Northern Ireland

Acquittal for Colin Duffy is the latest for prominent republican

Lurgan man had been arrested in 2013 over north Belfast gun attack

Colin Duffy leaves Laganside Court on Thursday after being acquitted of terrorism charges.
Colin Duffy leaves Laganside Court on Thursday after being acquitted of terrorism charges.

Prominent Co Armagh republican Colin Duffy was at the centre of what became one of the north’s longest running trials, before been acquitted of the offences alleged to have been committed over a decade ago.

Thursday’s acquittal is the latest for the Lurgan man, who almost faced a life sentence at the age of 27.

He had been convicted in 1995 over the IRA murder two years earlier of 57-year-old retired UDR man John Lyness in Lurgan.

Colin Duffy and Tommy Mellon at the Saoradh ard fheis. Picture by Margaret McLaughlin
Colin Duffy and Tommy Mellon at the Saoradh ard fheis in 2016.

A year after he was sentenced, but after spending three years in prison, his conviction was quashed at the Court of Appeal after the jailing of a key loyalist witness in his trial for gunrunning.

Lindsay Robb, a member of the PUP, had helped convict Duffy from his evidence behind a screen as ‘Witness C’, claiming he had seen the defendant flee the scene of the murder.

His evidence was later discredited after he was sentenced to 10 years in prison at a court in Edinburgh in December 1995 for conspiracy to acquire and run guns to the UVF.

Following the killing of RUC officers David Johnston and John Graham, shot dead in Lurgan in June 1997, Duffy was charged with their murders.

However, within months the charges were dropped due to insufficient evidence. Duffy would years later seek damages for alleged wrongful arrest, false imprisonment and malicious prosecution. He dropped the legal action in 2013.

In 2009, Duffy was charged with the murders of British soldiers Patrick Azimkar and Mark Quinsey at Massereene Barracks in Antrim.



He was also charged and pleaded not guilty to five counts of attempted murder and one of having a firearm and ammunition in relation to the attack, which happened as the 21 and 23-year-old soldiers went to collect a pizza delivery outside their barracks.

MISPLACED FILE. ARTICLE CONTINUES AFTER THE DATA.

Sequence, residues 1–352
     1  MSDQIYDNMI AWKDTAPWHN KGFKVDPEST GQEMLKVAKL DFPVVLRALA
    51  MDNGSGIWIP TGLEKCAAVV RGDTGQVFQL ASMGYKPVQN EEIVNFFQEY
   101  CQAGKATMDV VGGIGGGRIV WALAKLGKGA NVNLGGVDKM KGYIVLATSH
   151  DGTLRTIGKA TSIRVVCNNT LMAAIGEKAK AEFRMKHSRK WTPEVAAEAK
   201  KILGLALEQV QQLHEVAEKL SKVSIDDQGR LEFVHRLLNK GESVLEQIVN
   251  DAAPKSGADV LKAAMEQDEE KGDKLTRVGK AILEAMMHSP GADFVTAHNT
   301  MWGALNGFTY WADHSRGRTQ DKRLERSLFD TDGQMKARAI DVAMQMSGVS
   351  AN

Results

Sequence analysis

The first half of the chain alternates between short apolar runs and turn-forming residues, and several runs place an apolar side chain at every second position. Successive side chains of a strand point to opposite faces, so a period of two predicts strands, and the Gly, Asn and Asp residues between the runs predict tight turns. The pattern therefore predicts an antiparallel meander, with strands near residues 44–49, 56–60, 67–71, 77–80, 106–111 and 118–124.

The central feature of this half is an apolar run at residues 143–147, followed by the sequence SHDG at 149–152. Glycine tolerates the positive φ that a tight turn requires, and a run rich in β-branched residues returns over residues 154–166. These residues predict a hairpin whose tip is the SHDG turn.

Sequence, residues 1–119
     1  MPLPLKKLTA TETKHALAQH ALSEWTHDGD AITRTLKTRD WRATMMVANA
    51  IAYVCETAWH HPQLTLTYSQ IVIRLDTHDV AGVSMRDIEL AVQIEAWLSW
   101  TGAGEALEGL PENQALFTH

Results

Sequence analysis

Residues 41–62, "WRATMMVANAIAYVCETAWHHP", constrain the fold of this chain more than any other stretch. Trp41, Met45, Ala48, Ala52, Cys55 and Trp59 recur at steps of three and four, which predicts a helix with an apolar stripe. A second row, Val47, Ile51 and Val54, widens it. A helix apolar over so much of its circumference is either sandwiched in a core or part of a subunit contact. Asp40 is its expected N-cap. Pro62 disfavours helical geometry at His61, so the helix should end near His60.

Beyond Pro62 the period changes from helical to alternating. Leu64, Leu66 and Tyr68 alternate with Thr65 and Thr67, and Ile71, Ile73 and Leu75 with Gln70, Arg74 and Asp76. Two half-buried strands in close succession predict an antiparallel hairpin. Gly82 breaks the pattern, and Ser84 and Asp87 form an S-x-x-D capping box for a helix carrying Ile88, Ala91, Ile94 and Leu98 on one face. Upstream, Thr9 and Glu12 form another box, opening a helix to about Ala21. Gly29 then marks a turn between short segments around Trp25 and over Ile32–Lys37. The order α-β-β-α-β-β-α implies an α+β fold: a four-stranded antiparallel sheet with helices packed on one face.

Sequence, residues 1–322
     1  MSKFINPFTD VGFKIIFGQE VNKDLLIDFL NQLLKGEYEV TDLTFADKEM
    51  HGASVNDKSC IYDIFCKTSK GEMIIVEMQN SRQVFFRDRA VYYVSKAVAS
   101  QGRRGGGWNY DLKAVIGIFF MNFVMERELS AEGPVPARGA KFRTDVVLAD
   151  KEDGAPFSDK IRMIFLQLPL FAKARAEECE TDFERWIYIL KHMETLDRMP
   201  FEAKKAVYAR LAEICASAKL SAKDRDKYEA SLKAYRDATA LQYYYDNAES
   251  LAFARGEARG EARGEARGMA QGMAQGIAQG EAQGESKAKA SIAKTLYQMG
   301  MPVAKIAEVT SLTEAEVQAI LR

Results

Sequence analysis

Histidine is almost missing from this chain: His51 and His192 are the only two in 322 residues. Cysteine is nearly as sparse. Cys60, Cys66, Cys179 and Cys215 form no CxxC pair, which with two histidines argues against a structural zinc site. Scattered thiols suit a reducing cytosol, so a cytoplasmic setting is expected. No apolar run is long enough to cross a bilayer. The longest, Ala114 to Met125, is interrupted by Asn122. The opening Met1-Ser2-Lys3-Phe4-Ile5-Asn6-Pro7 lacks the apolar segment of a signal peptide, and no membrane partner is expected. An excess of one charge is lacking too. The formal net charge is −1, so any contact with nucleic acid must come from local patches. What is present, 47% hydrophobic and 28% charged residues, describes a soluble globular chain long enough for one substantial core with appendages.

Forensic officers examine the scene outside Massereene Barracks following the murder of sappers Mark Quinsey (23) and Patrick Azimkar (21)
Forensic officers examine the scene outside Massereene Barracks following the murder of sappers Mark Quinsey (23) and Patrick Azimkar (21).

His co-defendant Brian Shivers was initially convicted of the two murders, before being found not guilty after a retrial.

Duffy was also found not guilty.

He later complained to the European Court of Human Rights that his detention following arrest over the Massereene attack was incompatible with rules governing lawful arrest and detention.

The claim was rejected by the court in 2015.

Duffy was arrested in by police investigating the New IRA murder of prison officer David Black on the M1 motorway in 2012 but later released and not charged.

Colin Duffy taking part in the Anti-Internment League parade through Belfast City Centre. Picture by Mal McCann
Colin Duffy taking part in an Anti-Internment League parade through Belfast City Centre.

The long-running case behind his latest acquittal began less than two weeks after a gun attack on PSNI vehicles in the Ardoyne area of north Belfast in December 2013.

The senior republican was arrested, charged and remanded in custody over the shooting, along with co-accused Henry Joseph Fitzsimmons and Alec McCrory.

It would take almost six years for the trial to get underway, and another five before the case ended with Duffy being found not guilty.